*an ongoing series of quotations – mostly from artists, to artists – that offers wisdom, inspiration, and advice for the sometimes lonely road we are on.
Proclaiming that the object in Surrealism was fundamental, [Andre] Breton suggests a radical transition in surrealist creation, one that liberated the poet-artist from all constraints in the making of the artistic object. Breton’s text calls for a “revolution of the object,” suggesting that in the placing of an object into a new context, and thus attributing it with a new meaning – also called a “detournement” – which takes precedence. Drawing in his interpretation of Hegelian subject-object relations, Breton describes the “object” as a work of art that relies on a philosophical procedure, affirming the surrealist process as one that is realized in the experience of apprehending the object through a dialectical method. Citing the work of Marcel Duchamp and Max Ernst, Breton explains that an object may become a product of surrealist creation through the simple “manipulation” of it. Here ”manipulation“ is defined as a procedure which reveals the object in its original and new state at the same time. If taking an object out of its original context and placing it in a new space creates the potential for a creative act, then this text seems to validate the surrealist practice of collecting. As the collector acquired objects and unites them in a gallery or a home, they assume new significance contingent upon their physical juxtaposition to other objects.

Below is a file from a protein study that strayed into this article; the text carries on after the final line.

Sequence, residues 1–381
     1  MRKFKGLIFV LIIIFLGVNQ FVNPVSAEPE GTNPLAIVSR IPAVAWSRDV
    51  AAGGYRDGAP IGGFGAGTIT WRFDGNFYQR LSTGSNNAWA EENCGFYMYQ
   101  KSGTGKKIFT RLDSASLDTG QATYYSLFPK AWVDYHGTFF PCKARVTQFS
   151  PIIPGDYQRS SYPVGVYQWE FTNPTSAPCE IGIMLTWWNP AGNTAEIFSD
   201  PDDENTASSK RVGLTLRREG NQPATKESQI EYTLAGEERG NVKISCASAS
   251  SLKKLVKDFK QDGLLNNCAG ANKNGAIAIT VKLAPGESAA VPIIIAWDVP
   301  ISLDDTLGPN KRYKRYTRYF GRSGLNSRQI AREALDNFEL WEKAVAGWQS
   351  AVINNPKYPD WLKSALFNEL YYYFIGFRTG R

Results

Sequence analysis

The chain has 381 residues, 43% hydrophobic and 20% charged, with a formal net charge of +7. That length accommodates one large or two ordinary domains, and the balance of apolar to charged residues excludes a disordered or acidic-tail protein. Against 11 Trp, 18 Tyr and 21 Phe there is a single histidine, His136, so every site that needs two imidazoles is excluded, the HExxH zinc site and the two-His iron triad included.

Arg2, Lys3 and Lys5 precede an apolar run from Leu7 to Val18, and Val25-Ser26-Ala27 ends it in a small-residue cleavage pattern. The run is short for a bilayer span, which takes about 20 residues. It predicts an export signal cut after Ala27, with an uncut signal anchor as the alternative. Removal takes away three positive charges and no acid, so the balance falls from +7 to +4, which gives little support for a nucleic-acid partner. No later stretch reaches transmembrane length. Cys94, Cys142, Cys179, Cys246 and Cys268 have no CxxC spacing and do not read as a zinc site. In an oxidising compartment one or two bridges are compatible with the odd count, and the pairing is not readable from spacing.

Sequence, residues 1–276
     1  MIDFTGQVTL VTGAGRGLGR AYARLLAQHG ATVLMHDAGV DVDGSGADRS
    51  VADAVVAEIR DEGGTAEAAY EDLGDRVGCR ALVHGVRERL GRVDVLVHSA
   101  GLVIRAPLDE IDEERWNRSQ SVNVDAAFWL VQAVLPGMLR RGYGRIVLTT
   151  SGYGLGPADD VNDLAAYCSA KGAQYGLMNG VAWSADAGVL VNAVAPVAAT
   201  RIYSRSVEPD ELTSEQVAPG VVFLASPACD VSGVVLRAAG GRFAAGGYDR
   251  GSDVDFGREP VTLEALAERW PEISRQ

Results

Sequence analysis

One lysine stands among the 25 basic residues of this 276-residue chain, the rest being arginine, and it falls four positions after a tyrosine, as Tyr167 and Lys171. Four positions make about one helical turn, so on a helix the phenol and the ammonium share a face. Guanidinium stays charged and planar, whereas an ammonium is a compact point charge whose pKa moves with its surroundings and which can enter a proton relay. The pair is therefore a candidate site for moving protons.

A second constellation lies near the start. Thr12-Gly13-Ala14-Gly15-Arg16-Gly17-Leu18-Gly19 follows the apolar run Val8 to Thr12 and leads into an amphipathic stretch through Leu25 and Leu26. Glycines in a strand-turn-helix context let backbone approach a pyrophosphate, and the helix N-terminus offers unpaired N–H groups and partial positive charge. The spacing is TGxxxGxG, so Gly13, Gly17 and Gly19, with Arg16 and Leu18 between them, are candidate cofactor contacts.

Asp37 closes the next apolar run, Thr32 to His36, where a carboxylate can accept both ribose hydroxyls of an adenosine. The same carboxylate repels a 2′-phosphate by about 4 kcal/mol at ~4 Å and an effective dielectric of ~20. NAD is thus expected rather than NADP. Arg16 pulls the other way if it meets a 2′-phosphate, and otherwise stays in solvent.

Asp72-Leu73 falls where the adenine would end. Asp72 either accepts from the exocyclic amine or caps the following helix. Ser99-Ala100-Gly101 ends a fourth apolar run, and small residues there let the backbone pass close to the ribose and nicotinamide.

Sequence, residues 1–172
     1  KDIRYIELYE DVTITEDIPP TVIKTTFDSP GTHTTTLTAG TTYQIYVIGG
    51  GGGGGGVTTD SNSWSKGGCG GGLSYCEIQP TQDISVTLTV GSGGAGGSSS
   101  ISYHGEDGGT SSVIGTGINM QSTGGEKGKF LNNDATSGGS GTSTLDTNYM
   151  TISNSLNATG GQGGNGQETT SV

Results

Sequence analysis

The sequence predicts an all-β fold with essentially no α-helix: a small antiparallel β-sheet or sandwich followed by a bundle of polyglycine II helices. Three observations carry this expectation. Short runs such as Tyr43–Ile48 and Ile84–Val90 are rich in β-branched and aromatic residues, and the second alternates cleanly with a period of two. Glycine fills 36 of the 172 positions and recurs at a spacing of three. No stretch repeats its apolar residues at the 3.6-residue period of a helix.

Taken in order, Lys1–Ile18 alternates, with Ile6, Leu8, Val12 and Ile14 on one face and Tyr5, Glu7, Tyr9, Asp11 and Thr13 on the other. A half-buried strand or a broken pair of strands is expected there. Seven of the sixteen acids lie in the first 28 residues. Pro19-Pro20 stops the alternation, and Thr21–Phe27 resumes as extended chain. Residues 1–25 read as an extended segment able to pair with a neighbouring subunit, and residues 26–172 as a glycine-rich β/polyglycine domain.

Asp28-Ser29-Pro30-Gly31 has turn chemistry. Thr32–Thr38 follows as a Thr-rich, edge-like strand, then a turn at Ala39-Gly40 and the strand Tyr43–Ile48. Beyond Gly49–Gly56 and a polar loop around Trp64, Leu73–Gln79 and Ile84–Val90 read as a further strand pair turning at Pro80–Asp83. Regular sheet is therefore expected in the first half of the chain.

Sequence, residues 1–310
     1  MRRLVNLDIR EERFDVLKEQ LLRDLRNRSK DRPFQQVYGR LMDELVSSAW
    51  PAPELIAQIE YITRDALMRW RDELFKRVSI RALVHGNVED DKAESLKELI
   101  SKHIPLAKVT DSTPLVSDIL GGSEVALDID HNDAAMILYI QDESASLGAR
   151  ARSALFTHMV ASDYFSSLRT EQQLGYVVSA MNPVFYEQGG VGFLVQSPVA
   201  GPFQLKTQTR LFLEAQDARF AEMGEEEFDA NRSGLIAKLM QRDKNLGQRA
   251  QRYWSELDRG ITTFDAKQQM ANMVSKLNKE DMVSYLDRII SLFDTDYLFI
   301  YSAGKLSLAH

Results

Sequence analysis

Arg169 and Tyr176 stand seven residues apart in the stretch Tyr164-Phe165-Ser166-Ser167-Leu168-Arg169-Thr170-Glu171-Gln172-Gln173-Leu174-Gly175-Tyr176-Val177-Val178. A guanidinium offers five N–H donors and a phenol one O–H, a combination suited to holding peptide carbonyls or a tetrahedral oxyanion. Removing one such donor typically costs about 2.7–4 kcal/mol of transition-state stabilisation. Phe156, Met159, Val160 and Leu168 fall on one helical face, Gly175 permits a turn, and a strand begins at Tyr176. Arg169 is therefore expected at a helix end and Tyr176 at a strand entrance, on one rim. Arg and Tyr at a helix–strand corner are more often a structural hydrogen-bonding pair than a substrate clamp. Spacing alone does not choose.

Moon Dancers: Yup’ik Masks and the Surrealists, edited by Jennifer Field, Introduction by Christina Rudofsky
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